A delegation of domestic workers visited the US Capitol today to meet with several congressmen and move towards the creation of the first Bill of Rights for Domestic Workers across the country, its goal for 2019.
Just weeks after the formation of the new Congress, the National Alliance of Domestic Workers visited Washington to demand that the country's legislators set national rights for this group, made up of more than 2 million employees, the vast majority of them women.
California Senator Kamala Harris and House Speaker Pramila Jayapal (Washington State) accompanied the domestic workers and promised that, with the new Democratic majority in the House of Representatives, they will push for a legislative bill for their labor rights.
"When we talk about the voices of the vulnerable, we do not mean weak people, these women are people with great strength who now demand the rights and dignity they deserve," Harris said.
For the senator, "you can not understand the lives of many families without the strength and work" of the domestic workers.
Harris promotes, along with Jaypal, the National Letter of Rights of Domestic Workers, a project that they hope to debate in Congress during this legislative period.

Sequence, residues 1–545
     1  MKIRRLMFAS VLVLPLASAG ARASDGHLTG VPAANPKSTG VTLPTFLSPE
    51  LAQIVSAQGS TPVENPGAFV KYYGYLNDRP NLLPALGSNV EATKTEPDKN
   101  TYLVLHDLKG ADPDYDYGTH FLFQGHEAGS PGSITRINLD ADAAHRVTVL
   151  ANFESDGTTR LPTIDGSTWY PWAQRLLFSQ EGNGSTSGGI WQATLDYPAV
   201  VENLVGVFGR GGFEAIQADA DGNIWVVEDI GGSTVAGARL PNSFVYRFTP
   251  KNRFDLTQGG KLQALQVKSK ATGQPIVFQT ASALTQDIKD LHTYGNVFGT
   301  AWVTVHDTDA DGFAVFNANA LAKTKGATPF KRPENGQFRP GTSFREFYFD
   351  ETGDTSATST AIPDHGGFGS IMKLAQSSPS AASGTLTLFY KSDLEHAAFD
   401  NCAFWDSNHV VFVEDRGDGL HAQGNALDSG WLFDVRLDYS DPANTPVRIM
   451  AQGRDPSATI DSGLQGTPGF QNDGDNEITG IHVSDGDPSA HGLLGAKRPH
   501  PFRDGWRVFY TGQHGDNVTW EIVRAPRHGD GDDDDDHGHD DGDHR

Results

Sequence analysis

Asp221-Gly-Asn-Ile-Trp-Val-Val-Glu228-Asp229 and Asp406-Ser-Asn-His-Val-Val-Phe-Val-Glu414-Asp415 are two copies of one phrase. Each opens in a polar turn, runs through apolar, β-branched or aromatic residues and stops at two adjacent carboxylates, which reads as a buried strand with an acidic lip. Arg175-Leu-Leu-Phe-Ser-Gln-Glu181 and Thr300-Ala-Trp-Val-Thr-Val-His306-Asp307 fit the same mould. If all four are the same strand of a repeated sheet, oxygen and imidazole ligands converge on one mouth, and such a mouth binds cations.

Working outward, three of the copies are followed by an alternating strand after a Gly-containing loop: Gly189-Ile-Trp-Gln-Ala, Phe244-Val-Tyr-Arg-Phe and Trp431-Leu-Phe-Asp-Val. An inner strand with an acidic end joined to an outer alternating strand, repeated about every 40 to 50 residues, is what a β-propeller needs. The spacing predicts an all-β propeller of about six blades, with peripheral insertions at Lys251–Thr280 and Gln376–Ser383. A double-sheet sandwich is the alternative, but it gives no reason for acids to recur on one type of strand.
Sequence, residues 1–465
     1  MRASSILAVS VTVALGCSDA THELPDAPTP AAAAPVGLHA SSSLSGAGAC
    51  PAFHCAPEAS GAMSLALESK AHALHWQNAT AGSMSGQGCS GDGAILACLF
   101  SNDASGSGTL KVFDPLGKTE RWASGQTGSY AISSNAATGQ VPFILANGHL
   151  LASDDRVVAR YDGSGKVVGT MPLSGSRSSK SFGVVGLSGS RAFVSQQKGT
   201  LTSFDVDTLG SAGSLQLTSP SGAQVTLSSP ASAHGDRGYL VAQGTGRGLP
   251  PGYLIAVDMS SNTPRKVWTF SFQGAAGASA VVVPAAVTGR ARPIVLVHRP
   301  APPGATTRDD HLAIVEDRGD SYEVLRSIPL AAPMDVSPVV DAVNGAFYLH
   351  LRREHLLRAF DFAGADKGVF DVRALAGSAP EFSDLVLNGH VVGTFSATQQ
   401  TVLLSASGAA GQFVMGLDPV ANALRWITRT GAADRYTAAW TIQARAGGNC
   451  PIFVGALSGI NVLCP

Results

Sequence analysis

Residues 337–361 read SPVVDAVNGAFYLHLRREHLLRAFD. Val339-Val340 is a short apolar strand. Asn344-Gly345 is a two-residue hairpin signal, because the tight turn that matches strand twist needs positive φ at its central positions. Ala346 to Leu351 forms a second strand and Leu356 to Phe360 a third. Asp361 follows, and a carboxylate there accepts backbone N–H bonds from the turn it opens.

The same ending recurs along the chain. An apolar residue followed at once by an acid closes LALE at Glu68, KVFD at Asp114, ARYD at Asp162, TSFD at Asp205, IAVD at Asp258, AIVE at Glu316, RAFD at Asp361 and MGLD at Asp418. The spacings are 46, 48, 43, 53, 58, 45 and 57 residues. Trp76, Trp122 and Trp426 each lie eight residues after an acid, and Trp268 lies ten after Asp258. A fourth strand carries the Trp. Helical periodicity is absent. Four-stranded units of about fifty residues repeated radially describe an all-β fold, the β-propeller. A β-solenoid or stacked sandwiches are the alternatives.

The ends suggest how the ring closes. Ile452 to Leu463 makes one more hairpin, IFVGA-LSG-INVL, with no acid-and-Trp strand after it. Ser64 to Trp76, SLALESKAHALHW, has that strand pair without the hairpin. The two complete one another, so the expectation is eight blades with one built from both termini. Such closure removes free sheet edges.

"Now we have the majority and we are going to move this legislation, it is not a democratic aspiration, it is something positive for all," said Jaypal in a post-Harris intervention.
Currently, eight states and a city include legislative protections for this group, which now intends that the political representatives at the national level approve a fixed and equal regulation for the whole country.
For this reason, the executive director of the Brazilian Center for Workers, Natalia Tracy, compared this struggle with the advances in labor protection that were reached during the New Deal of former President Franklin D. Roosevelt (1933-1945) in the 1930s.
"We have to create a framework of basic rights, dating from 1935 and that many domestic workers still do not have," said Tracy in statements to Efe.
For its part, Ai-jen Poo, executive director of the Alliance of Domestic Workers, was "hopeful" to approve this legislative initiative in the new Congress because, as he argued, "the demand for domestic work is increasing" and their workers must develop that activity in "decent" conditions.
"We are serious about this and we have to make ourselves heard," he exclaimed.
Ai-jen Poo accompanied the film director Alfonso Cuarón in the Golden Globes awards this year with the film team Roma for his dedication to the group of domestic employees.
Precisely today, the company co-producing the film, Participant Media, invited legislators, activists and the employees' group to a later projection of Rome, since it tells the story of an indigenous woman who works as a domestic worker for a middle class family.